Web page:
I stumbled (via Jody Hedlund and the Steve Laube Agency) across a cool tool that will help me weed out those repeat phrases, the ones I like to weed out if I can. (Ok, that was almost painful to type.)
The phrases you would repeat in reality tend to sprinkle through your MS, like hiccups that you never notice. As with Ninja Wordle Skills, the WriteWords Phrase Frequency Counter will help improve your writing, in this case by identifying two or more repeated words in your manuscript.
The two-word option wasn’t very useful, because saying “for you” fourteen times in your manuscript isn’t exactly cause for alarm. However, fourteen instances of “deep breath” probably are (we’re not in final draft form yet, so I’m not panicking. But still. Ugh.)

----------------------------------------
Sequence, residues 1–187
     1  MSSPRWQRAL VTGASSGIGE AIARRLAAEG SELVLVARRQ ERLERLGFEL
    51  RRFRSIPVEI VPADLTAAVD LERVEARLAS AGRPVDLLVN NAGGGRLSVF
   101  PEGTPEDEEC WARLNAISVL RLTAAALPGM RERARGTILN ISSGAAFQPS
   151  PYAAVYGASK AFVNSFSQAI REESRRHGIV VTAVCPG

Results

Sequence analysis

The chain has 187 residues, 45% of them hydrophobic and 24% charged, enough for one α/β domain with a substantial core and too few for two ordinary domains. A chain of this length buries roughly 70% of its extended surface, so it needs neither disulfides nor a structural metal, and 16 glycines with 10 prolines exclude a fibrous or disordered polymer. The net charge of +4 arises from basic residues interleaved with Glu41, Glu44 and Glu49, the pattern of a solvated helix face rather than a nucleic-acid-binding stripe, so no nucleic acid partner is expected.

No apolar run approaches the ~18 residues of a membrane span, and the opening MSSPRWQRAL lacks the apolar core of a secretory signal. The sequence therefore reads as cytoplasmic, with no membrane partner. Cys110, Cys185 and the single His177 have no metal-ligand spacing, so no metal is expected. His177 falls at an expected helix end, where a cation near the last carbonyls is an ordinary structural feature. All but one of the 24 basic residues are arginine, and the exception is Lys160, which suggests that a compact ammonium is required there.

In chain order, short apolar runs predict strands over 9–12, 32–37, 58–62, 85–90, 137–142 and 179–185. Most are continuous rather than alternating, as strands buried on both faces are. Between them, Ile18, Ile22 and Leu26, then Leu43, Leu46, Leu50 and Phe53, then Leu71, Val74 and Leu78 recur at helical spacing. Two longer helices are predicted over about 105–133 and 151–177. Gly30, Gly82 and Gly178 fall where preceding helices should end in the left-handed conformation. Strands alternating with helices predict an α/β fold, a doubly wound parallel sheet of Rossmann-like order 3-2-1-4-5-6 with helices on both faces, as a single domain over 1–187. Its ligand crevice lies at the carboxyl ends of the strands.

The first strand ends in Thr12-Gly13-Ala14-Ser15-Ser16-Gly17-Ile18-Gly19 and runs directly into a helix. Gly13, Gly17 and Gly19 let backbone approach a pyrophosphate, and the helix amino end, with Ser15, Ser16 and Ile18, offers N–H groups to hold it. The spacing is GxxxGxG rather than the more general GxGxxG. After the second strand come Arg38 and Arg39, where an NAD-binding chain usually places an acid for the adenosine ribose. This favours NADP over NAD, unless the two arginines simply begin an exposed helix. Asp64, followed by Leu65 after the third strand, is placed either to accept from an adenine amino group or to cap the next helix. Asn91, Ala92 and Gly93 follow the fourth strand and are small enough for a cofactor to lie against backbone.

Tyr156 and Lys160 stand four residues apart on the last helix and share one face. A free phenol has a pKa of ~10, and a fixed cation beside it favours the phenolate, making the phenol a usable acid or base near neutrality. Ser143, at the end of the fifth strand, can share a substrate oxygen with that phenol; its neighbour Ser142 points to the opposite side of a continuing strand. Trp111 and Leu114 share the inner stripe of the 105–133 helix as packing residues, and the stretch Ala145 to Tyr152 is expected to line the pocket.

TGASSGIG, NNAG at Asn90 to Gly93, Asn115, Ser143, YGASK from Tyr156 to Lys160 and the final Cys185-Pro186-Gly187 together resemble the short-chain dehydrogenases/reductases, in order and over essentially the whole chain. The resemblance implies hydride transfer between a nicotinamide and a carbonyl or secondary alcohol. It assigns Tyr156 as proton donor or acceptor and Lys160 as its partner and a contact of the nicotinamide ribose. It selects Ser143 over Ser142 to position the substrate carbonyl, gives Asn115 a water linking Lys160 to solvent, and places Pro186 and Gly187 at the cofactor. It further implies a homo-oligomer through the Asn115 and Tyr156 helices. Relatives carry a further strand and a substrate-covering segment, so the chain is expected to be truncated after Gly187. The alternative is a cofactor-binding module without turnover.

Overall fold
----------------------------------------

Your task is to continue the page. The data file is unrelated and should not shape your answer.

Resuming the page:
The three-word option was a little more handy. Thirty phrases of “I wanted to” (along with 18 “I didn’t want’s”) is probably an indication of some flabby prose, and ten instances of “like everyone else” is a bit startling, because I wouldn’t have guessed that was anywhere in the whole story.
Four, Five, and Six Words
This is where it gets interesting. “The back of my throat” gets used way too often, and a truck shouldn’t “lurch to a stop” more than once or twice in a story. I’m pretty sure that’s a rule. But overall, I was surprised there weren’t too many awful “hiccups” in my prose. Maybe the Ninja Wordle Skillz have taken hold.
What wacky repeats do you have in your MS?
p.s. Happy Weekend!